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Steffi Rubin’s Woodstock Tontine Is an Emotional Journey of Love, Loss, and Friendship

The Women’s Theatre Festival’s production of The Woodstock Tontine, written by Steffi Rubin and directed by Lucia Foster, is a sentimental journey through friendship and life. Imagine a chance encounter with a random group of people who could not be more different from you. On the surface, the only things you have in common are: a love of music and the desire to be free and explore who you really are. These moments of self-awareness also happen to take place in 1969 during a three-day Woodstock Music & Art Fair in White Lake, NY.

Can you put a monetary value on a lifetime of friendship? Would you be willing to invest say $10,000 per decade? That is exactly what the ladies of The Woodstock Tontine did.

The Woodstock Tontine, penned by rookie playwright Steffi Rubin of Chapel Hill and concluding its two-week run on July 14-16 in Burning Coal Theatre Company‘s Murphey School Auditorium in Raleigh, takes the Women’s Theatre Festival audience on an emotional journey of love, loss, and friendship. Rubin’s play not only fits in with the mission of the Women’s Theatre Festival, but also speaks to multiple generations.

The theme for this year’s Women’s Theatre Festival is “Women are funny”; however, I would not classify The Woodstock Tontine as a comedy. Although there are moments of humor and some one-line zingers, it really is a dramedy. The characters don’t seem happy with any part of their lives other than the one moment when they all met 50 years earlier.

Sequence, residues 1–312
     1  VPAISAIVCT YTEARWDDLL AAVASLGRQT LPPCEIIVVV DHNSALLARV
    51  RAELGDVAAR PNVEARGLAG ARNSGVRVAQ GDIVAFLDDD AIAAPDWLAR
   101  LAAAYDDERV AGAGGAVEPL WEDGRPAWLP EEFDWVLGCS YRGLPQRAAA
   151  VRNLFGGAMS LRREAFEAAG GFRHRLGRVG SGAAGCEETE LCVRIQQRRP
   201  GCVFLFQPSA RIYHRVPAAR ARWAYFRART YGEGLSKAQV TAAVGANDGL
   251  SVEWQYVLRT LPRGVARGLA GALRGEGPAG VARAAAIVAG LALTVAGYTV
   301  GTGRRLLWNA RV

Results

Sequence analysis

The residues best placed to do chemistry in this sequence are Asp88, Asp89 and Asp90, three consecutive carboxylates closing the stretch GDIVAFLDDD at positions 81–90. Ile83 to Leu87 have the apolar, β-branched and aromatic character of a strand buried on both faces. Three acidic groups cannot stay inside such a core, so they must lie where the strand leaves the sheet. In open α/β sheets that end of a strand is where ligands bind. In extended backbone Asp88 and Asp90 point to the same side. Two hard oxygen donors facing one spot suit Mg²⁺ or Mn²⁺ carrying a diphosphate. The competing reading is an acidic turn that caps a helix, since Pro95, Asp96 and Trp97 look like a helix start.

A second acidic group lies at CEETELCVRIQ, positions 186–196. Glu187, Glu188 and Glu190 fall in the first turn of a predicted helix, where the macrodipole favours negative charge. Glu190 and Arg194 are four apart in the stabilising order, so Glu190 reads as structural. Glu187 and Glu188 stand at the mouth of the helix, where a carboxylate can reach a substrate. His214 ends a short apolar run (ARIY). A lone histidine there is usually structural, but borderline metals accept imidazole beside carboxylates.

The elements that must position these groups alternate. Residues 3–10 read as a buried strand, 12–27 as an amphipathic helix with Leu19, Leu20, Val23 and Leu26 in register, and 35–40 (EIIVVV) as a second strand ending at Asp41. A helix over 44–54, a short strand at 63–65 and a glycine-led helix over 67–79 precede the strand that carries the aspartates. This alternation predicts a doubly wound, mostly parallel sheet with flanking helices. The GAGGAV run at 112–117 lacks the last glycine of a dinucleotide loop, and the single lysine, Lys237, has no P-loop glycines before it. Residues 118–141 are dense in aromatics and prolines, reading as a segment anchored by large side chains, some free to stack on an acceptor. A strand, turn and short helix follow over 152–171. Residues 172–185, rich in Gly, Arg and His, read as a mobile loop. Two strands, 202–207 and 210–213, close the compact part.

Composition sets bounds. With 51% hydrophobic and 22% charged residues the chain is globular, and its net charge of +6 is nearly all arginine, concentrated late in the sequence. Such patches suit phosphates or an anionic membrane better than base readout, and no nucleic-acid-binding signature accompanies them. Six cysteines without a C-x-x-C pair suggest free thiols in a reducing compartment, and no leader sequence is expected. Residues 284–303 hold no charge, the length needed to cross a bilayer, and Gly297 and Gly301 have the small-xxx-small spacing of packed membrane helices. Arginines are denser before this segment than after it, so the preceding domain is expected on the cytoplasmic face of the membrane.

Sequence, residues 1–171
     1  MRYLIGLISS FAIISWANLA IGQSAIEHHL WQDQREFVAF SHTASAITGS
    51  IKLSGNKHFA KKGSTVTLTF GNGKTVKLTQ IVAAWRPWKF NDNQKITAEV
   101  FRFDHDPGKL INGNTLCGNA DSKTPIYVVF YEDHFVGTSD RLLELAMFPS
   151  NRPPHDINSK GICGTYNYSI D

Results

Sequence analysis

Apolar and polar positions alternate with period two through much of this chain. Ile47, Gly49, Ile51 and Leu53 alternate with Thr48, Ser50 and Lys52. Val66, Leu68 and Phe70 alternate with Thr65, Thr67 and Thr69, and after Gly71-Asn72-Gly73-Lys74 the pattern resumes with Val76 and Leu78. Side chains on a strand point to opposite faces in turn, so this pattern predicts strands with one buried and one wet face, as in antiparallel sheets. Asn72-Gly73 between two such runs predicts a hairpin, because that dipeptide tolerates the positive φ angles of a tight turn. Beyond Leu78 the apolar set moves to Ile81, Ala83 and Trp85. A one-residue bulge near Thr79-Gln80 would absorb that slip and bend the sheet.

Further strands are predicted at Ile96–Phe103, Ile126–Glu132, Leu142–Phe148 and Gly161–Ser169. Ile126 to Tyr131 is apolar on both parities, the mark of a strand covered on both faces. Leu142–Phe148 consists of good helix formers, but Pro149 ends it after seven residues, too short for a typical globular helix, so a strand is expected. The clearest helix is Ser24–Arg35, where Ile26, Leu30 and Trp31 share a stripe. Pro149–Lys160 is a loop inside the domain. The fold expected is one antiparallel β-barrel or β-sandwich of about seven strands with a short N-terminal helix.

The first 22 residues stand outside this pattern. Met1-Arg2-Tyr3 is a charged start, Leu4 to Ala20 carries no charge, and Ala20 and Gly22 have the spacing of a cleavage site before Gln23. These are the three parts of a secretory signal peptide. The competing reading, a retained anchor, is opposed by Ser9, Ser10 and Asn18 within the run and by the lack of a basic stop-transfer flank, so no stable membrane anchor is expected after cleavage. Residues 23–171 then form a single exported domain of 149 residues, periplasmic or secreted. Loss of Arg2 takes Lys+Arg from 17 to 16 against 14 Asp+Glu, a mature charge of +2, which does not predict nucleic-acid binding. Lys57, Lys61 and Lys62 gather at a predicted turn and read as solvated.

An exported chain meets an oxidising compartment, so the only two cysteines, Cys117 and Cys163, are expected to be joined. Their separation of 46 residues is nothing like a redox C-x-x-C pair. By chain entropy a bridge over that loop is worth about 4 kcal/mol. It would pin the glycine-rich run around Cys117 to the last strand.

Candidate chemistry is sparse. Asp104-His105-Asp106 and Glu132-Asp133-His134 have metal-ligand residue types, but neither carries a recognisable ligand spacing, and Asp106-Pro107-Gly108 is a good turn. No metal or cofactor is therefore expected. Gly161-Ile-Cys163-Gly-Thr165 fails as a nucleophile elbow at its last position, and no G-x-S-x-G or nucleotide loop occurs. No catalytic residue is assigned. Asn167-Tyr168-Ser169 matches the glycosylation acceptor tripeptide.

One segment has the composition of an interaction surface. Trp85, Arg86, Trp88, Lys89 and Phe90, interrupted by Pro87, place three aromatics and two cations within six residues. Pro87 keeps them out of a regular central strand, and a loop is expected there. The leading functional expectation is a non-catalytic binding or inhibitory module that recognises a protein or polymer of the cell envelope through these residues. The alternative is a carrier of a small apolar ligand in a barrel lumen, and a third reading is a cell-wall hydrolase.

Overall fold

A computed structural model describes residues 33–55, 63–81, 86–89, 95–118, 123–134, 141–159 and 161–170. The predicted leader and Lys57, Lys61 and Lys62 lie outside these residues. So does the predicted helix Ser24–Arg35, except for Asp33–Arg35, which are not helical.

Director Lucia Foster does a good job of helping the actresses on keeping the characters real without having them feel like caricatures. Foster picked not only an all-female show, but she cast age-appropriate actresses. In theater, there are very few roles for actresses over the age of 50. There are fewer roles in which this age group leads the show or are the heroines.

The premise of the story is that all five friends meet 50 years later at the funeral of the one person who initially brought them together five decades earlier. Through conversations and reminiscing, they realize that they don’t really know each other as well as they thought. Deciding to use the loss of their friend as an opportunity, they form a legal bond in which the last woman standing claims a “winner-takes-all” tontine. They consider it investing in their future. They continue to come together throughout the years as each one dies off, until the last two polar-opposite friends are remaining. I’ll leave who the big winner in the end is as a surprise.

Although the characters are based on real-life people, they cover your typical stereotypes. Judy McCord plays “The Smart One.” She is a Jewish, logical, no-nonsense, retired financial planner with an aversion to “bodily fluids.” She is the grounding friend of the group.

The lovely Lisa Leonard plays Shelly, “The Pretty One.” She is the sexy, stylish, man-hungry one of the group. (Think Blanche from the TV series The Golden Girls but with a Boston accent.) On the surface, she seems flighty and sex crazed; but as the story unfolds, we find that looks can be deceiving.


The Women's Theatre Festival's cast for The Woodstock Tontine by Steffi Rubin includes (from left) Judy McCord, Jennifer Kuzma, Lisa Leonard, Julie Oliver, and Verlene Oates (photo by Steffi Rubin)

The Women’s Theatre Festival’s cast for The Woodstock Tontine by Steffi Rubin includes (from left) Judy McCord, Jennifer Kuzma, Lisa Leonard, Julie Oliver, and Verlene Oates (photo by Steffi Rubin)

Verlene Oates is the charismatic, bohemian, artsy, feisty African-American B.J. She was raised by a white Jewish family and has fought her whole life to figure out which of her identities she really belongs to.